Some title

Some Person

USomething

Wednesday

Sept. 3, 2014

8:00-8:50am

Vincent Hall 313

Some Abstract. $e^x$

Coxeter transformation on cominuscule posets

Emine Yıldırım

UQAM

Friday

Sept. 15, 2017

3:35-4:25pm

Vincent Hall 570

Let $P$ be a cominuscule poset which can be thought of as a parabolic analogue of the poset of positive roots of a finite root system. Let $J(P)$ be the poset of order ideals of $P$. In this talk, we will investigate the periodicity of the Coxeter transformation on the poset $J(P)$, and show that the Coxeter transformation has finite order for two of the three infinite families of cominuscule posets, and the exceptional cases. Our motivation comes from a conjecture by Chapoton which states that the Coxeter transformation has finite order on the poset $J(R)$ when $R$ is the poset of positive roots of a finite root system. Our solution is formulated in representation theory of finite dimensional algebras, and we will further discuss the results within the same context.

Random Flag Complexes and Asymptotic Syzygies

Jay Yang

UWisconsin

Friday

Sept. 22, 2017

Vincent Hall 016

We use the probabilistic method to construct examples of conjectured phenomenon about asymptotic syzygies. In particular, we use the Stanley-Reisner ideals of random flag complexes to construct new examples of Ein and Lazarsfeld's nonvanishing for asymptotic syzygies and of Ein, Erman, and Lazarsfeld's conjectural on the asymptotic normal distribution of Betti numbers.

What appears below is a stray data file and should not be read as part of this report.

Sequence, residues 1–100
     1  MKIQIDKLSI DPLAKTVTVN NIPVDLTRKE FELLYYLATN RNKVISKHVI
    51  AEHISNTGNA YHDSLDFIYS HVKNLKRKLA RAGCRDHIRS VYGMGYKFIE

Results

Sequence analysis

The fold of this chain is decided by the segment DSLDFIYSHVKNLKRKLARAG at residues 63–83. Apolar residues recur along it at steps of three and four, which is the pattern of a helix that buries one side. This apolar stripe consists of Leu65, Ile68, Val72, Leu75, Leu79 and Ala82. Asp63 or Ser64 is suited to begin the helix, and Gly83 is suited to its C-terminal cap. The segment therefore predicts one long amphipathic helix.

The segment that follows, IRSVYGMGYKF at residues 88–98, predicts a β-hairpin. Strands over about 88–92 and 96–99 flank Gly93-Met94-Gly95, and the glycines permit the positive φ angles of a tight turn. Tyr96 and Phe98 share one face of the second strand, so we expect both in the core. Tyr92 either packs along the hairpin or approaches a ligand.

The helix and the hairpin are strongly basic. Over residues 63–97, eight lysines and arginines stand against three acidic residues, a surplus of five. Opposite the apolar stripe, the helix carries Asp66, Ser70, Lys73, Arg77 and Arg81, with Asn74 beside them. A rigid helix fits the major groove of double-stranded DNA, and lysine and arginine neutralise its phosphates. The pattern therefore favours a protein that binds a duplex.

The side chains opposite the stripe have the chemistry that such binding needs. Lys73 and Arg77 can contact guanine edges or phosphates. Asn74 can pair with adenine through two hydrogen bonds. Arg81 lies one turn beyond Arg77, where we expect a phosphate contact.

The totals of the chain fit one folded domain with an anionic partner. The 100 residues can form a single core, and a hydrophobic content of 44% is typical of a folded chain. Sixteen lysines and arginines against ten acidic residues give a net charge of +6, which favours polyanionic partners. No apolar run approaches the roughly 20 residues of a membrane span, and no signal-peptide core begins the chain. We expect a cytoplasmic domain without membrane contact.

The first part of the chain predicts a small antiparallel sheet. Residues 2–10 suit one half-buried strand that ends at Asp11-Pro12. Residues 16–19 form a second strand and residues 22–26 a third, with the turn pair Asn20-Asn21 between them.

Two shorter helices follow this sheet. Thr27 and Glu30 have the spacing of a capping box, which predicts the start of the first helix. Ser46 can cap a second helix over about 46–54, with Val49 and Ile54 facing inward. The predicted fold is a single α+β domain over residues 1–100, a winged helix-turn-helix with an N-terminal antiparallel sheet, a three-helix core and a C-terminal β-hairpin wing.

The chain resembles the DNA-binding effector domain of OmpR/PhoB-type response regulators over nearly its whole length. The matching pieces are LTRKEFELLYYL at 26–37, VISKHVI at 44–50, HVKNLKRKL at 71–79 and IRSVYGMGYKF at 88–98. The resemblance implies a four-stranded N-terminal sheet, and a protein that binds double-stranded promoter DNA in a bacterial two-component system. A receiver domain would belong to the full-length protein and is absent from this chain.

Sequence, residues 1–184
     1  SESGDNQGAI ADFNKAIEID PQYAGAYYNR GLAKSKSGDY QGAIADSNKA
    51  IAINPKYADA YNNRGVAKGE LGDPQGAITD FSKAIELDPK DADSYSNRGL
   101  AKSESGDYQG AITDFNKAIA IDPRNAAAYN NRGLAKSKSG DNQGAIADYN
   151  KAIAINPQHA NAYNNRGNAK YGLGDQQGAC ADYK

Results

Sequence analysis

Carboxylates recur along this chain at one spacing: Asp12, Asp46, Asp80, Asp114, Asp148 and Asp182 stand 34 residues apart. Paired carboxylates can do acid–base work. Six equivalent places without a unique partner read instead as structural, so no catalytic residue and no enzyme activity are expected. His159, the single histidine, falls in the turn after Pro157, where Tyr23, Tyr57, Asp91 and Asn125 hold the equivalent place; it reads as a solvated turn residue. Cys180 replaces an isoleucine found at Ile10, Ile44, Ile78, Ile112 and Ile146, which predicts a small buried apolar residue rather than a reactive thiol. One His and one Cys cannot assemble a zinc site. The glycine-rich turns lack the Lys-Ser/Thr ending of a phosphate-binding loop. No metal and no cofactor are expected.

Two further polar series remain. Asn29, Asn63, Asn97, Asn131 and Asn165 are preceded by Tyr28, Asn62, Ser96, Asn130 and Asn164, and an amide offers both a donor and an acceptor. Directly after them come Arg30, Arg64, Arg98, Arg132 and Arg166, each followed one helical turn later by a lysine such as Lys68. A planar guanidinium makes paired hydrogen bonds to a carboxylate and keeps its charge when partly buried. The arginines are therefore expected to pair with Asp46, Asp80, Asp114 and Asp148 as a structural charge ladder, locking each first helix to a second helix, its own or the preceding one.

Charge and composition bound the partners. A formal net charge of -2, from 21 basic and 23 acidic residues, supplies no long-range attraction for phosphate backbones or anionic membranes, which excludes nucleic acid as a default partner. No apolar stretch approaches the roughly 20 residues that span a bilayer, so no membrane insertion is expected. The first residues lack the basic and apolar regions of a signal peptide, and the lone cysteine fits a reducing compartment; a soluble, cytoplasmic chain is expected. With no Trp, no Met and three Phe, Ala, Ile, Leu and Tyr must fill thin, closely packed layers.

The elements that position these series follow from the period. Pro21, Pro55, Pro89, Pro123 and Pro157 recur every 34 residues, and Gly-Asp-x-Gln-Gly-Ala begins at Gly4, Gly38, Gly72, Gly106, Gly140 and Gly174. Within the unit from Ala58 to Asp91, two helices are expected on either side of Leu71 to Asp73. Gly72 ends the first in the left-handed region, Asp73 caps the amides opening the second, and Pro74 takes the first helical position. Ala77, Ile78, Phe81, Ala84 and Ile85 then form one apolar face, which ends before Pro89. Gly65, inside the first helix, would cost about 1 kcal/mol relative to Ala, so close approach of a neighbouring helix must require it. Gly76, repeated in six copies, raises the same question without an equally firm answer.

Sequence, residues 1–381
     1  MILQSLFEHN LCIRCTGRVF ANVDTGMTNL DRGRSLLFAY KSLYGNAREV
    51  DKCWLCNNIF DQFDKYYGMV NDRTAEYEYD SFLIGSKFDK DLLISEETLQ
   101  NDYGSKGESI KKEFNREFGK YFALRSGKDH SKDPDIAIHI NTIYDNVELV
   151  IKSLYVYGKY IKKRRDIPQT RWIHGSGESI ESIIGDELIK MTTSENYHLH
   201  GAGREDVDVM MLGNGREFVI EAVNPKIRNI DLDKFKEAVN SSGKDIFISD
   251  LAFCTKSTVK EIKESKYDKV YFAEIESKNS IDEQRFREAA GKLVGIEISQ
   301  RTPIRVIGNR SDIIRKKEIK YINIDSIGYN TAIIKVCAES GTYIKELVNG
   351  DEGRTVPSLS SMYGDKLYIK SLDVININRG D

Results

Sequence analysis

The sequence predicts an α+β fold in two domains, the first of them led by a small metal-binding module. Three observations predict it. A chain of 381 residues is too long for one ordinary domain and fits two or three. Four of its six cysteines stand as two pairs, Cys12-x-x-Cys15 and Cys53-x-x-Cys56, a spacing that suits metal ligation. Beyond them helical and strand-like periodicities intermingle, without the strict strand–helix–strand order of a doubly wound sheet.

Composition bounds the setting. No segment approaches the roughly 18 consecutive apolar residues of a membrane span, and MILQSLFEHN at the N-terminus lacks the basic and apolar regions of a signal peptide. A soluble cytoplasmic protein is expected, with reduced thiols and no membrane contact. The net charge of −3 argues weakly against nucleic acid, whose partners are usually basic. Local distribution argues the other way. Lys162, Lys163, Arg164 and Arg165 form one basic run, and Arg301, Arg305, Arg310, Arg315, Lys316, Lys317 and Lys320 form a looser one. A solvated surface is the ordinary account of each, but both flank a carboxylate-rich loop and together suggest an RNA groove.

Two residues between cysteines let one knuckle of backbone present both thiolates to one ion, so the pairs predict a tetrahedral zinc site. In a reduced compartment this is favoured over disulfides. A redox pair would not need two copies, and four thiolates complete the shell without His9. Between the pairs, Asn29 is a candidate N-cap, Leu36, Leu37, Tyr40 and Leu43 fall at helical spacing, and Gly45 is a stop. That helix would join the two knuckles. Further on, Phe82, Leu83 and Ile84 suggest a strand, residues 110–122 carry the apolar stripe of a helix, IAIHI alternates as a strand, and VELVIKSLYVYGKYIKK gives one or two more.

Cyclic symmetry in the Grassmannian

Steven Karp

Michigan

Friday

Sept. 29, 2017

3:35-4:25pm

Vincent Hall 570

The Grassmannian $Gr(k,n)$ is the space of $k$-planes in $C^n$. Its totally nonnegative part is the subset where all Plücker coordinates are real and nonnegative. There is a natural action of the cyclic group of order $n$ on $Gr(k,n)$ which preserves its totally nonnegative part. This 'cyclic symmetry' is prominent in the combinatorics of the totally nonnegative Grassmannian. I will discuss some surprising properties of the fixed points of the cyclic action. I will also present joint work with Pavel Galashin and Thomas Lam, which uses the cyclic action to show that the totally nonnegative part of $Gr(k,n)$ is homeomorphic to a ball.

Recent results in enumeration

Dennis Stanton

UMN

Friday

Oct. 6, 2017

3:35-4:25pm

Vincent Hall 570

I will survey some of my recent joint results in enumeration, including (1) integer partitions (2) enumeration over finite fields (3) orthogonal polynomials (4) posets. I will indicate open directions for each of these areas. No proofs will be given. This is joint work with Fulman, Guralnick, Ismail, Kim, Lewis, O’Hara, Rains, and Reiner.

Representation stability: A case study

Cihan Bahran